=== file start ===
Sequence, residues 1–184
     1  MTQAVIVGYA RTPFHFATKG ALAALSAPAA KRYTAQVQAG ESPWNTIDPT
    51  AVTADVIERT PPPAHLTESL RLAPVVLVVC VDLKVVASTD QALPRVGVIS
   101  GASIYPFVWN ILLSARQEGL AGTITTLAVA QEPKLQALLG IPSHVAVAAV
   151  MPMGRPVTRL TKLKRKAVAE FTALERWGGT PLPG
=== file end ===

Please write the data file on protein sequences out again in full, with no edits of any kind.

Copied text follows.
Sequence, residues 1–184
     1  MTQAVIVGYA RTPFHFATKG ALAALSAPAA KRYTAQVQAG ESPWNTIDPT
    51  AVTADVIERT PPPAHLTESL RLAPVVLVVC VDLKVVASTD QALPRVGVIS
   101  GASIYPFVWN ILLSARQEGL AGTITTLAVA QEPKLQALLG IPSHVAVAAV
   151  MPMGRPVTRL TKLKRKAVAE FTALERWGGT PLPG